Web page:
Ineveitably the popularity of bagels is inspiring home bakers to flour their bread boards, heat up their ovens and bake bagels.
Bread machines have revolutionized home bread baking and removed the tedium of mixing and kneading dough. We've targeted bagel recipes that we've tested specifically for bread machines, a foolproof process when ingredients are measured and timing followed. The same recipes are a breeze to make in a food processor, with a heavy-duty electric mixer, or by hand. We also describe how dough rises quickly in a microwave oven, thereby reducing the prepartation and processing time considerably. Using the combination of frrod processor or electric mixer and microwave now means you can literally have bagels from dough to oven in about 25 minutes.
Boiling is the important step that gives bagels their unmatched chewable quality and adds the distinctive shine to the crusty surface. It's a deceptively easy task. Boiling the shaped dough is like making pasta, but faster and easier. It's certainly easier than making croissants, for example.
You can make bagels of almost any flavor and size, given the parameters of your kneading ability, and the size of your boiling or "kettling" pot and oven. A 1 1/2 pound bread machine produces 8 to 12 bagels, depending on the size of the bagels. Hand-mixing and heavy-duty electric mixers can deal with larger dough batches.
Why Make Bagels At Home When They Are So Readily Available?
You can load them with your favorite ingredients and really taste them. I've tasted and analyzed many good commercially made bagels, but some have one or two raisins in a cinnamon-raisin bagel, one chip in a chocolate chip bagel and no taste at all in a pineapple-coconut bagel, with no sign of any pineapple. If I hadn't read the bin label, I would have thought I was eating a plain bagel.
The aroma of baking bagels will have your family tumbling out of bed in the morning, anxious to eat them warm right from the oven. Make them for guests - they'll talk about it for years.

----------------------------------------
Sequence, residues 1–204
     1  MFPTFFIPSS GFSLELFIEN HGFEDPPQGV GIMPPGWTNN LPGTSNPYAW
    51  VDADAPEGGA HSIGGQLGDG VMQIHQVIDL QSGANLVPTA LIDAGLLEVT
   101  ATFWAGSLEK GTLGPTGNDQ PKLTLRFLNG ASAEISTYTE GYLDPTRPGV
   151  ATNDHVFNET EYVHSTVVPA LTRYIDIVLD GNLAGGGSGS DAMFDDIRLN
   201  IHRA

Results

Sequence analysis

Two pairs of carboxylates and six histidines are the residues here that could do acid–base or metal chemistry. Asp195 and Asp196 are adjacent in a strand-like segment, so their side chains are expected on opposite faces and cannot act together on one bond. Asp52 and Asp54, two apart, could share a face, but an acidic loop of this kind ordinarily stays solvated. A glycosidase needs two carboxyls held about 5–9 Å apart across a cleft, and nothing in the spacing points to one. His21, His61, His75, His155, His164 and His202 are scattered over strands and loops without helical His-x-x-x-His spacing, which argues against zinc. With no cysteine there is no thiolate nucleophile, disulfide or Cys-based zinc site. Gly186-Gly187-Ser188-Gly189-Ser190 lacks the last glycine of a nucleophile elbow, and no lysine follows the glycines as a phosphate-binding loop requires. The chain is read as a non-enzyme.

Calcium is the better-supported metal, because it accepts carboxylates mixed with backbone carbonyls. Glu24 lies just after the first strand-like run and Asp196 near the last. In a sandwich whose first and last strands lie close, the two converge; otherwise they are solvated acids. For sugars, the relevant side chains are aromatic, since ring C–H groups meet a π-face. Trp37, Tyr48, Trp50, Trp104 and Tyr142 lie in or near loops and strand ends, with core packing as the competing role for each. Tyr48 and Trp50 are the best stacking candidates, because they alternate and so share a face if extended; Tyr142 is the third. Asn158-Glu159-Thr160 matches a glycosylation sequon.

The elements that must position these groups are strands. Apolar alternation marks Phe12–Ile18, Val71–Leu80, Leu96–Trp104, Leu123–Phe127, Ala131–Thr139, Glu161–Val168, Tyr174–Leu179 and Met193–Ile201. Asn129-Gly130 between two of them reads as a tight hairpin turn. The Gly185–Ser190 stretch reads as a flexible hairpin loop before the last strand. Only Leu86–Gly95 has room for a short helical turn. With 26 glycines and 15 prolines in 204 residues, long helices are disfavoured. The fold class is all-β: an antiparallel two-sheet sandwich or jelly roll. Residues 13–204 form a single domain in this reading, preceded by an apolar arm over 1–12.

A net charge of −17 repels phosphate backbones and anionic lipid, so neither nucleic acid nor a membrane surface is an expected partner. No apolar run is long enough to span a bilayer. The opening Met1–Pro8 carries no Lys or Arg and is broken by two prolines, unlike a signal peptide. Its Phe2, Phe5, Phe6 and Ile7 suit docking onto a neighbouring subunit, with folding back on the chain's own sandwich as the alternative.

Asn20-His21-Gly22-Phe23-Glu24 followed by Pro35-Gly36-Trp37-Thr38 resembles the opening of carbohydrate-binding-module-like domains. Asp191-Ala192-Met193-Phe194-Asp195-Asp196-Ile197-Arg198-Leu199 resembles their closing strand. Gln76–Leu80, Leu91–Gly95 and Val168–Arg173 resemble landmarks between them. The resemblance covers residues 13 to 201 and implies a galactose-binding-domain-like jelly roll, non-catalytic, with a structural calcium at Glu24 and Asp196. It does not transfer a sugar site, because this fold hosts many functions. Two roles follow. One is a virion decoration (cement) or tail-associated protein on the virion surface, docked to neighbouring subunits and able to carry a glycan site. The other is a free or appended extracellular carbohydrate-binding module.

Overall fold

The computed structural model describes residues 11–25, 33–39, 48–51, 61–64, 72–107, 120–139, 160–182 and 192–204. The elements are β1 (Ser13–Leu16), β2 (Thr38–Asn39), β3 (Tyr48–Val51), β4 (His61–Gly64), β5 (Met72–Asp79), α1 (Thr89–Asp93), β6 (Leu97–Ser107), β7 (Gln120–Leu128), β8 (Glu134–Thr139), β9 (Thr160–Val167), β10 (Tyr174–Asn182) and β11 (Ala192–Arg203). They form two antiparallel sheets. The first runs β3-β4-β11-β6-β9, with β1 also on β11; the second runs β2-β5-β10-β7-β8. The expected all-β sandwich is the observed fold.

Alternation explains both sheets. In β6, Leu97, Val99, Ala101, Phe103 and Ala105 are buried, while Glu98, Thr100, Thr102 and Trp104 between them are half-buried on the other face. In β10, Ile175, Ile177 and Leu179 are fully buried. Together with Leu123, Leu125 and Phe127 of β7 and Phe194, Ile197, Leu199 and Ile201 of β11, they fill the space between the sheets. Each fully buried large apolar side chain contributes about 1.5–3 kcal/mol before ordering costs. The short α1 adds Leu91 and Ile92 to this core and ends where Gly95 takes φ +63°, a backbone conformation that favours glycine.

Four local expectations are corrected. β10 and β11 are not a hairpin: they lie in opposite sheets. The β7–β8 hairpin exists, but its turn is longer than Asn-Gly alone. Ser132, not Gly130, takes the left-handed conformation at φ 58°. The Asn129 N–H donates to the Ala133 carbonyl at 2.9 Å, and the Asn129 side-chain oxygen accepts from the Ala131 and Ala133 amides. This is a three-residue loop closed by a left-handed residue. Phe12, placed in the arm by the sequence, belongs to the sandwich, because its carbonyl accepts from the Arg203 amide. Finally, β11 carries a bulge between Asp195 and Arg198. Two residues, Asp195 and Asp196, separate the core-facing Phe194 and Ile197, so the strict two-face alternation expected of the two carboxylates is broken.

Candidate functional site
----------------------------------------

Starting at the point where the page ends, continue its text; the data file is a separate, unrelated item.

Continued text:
The satisfaction of shaping sough and creating delicious bagles is hard to describe. Children revel in taking a ball of dough, working in a few raisins or chocolate chips into it, and then punching a hole through it. They follow the process through boiling and baking until they see "their" bagel, shiny and hot, emerge from the oven.
Finally, your homemade bagels will have no preservatives and no artificial flavoring. When you bake bagels, you know what's going into them. And if you're allergic to any flours normally used, it's easy to find substitutes.
In this book, along with innovative recipes for bagels, you'll find suggestions for spreads, sandwiches and canapes. Use these for homemade bagels and also for bagels you buy. Most bagel stores and delis offer a dozen or so spreads and sandwiches, some inspired, but most are ordinary because they're the ones that sell the best. At home, you have triple the choice. Any will look elegant and taste haute gourmet if you serve them for bagel brunches, lunches, and at different holidays. The cranberry spreads, for example, will delight your family and guests for Thanksgiving.
What is the real test of a good bagel? If you and your family like them, that's all that matters. Fortunately, there are no tests, no standards. No one can agree on what is "best." So surge forward. Bake bagels and embellish them according to your tastes.
The Best Bagels Are Made At Home by Dona Z. Meilach Isbn 1-55867-131-5